Abstract: The n e w e ng l a n d j o u r na l of m e dic i n e Original Article Early Treatment for Covid-19 with SARS-CoV-2 Neutralizing Antibody Sotrovimab Anil Gupta, M.D., Yaneicy Gonzalez‑Rojas, M.D., Erick Juarez, M.D., Manuel Crespo Casal, M.D., Jaynier Moya, M.D., Diego R. Falci, M.D., Ph.D., Elias Sarkis, M.D., Joel Solis, M.D., Hanzhe Zheng, Ph.D., Nicola Scott, M.Sc., Andrea L. Cathcart, Ph.D., Christy M. Hebner, Ph.D., Jennifer Sager, Ph.D., Erik Mogalian, Pharm.D., Ph.D., Craig Tipple, M.B., B.S., Ph.D., Amanda Peppercorn, M.D., Elizabeth Alexander, M.D., Phillip S. Pang, M.D., Ph.D., Almena Free, M.D., Cynthia Brinson, M.D., Melissa Aldinger, Pharm.D., and Adrienne E. Shapiro, M.D., Ph.D., for the COMET-ICE Investigators*​​ A BS T R AC T BACKGROUND Coronavirus disease 2019 (Covid-19) disproportionately results in hospitalization or death in older patients and those with underlying conditions. Sotrovimab is a pan-sarbecovirus monoclonal antibody that was designed to prevent progression of Covid-19 in high-risk patients early in the course of disease. METHODS In this ongoing, multicenter, double-blind, phase 3 trial, we randomly assigned, in a 1:1 ratio, nonhospitalized patients with symptomatic Covid-19 (≤5 days after the onset of symptoms) and at least one risk factor for disease progression to receive a single infusion of sotrovimab at a dose of 500 mg or placebo. The primary efficacy outcome was hospitalization (for >24 hours) for any cause or death within 29 days after randomization. RESULTS In this prespecified interim analysis, which included an intention-to-treat population of 583 patients (291 in the sotrovimab group and 292 in the placebo group), 3 patients (1%) in the sotrovimab group, as compared with 21 patients (7%) in the placebo group, had disease progression leading to hospitalization or death (relative risk reduction, 85%; 97.24% confidence interval, 44 to 96; P = 0.002). In the placebo group, 5 patients were admitted to the intensive care unit, including 1 who died by day 29. Safety was assessed in 868 patients (430 in the sotrovimab group and 438 in the placebo group). Adverse events were reported by 17% of the patients in the sotrovimab group and 19% of those in the placebo group; serious adverse events were less common with sotrovimab than with placebo (in 2% and 6% of the patients, respectively). CONCLUSIONS Among high-risk patients with mild-to-moderate Covid-19, sotrovimab reduced the risk of disease progression. No safety signals were identified. (Funded by Vir Biotechnology and GlaxoSmithKline; COMET-ICE number, NCT04545060.) From the Albion Finch Medical Centre, William Osler Health Centre, Toronto (A.G.); Optimus U (Y.G.-R.) and Florida International Medical Research (E.J.), Miami, Pines Care Research Center, Pembroke Pines (J.M.), and Sarkis Clinical Trials, Gainesville (E.S.) — all in Florida; Álvaro Cunqueiro Hospital, IIS Galicia Sur, Vigo, Spain (M.C.C.); Hospital de Clínicas de Porto Alegre, Porto Alegre, Brazil (D.R.F.); Centex Studies, McAllen (J. Solis), and Central Texas Clinical Research, Austin (C.B.) — both in Texas; Vir Biotechnology, San Francisco (H.Z., A.L.C., C.M.H., J. Sager, E.M., E.A., P.S.P., M.A.); GlaxoSmithKline, Stevenage, United Kingdom (N.S., C.T.); GlaxoSmithKline, Cambridge, MA (A.P.); Pinnacle Research Group, Anniston, AL (A.F.); and the Departments of Global Health and Medicine, University of Washington, and Fred Hutchinson Cancer Research..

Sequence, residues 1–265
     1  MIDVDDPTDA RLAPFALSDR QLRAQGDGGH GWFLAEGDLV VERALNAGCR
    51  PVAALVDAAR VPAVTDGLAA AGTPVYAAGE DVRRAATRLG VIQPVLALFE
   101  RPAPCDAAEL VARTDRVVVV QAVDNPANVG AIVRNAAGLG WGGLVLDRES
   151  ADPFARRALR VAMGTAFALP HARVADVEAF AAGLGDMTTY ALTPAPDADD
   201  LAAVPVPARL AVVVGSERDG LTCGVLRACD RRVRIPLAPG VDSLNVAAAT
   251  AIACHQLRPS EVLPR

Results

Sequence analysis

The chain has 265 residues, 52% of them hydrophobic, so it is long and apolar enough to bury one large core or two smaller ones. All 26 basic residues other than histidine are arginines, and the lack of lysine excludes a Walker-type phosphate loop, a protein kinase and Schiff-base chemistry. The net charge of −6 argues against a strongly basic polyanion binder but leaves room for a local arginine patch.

Please send us corrections, updates, or comments. Vaccines and treatments are complementary. All practical, effective, and safe means should be used based on risk/benefit analysis. No treatment, vaccine, or intervention is 100% available and effective for all current and future variants. We do not provide medical advice. Before taking any medication, consult a qualified physician who can provide personalized advice and details of risks and benefits based on your medical history and situation. FLCCC and WCH provide treatment protocols.
  or use drag and drop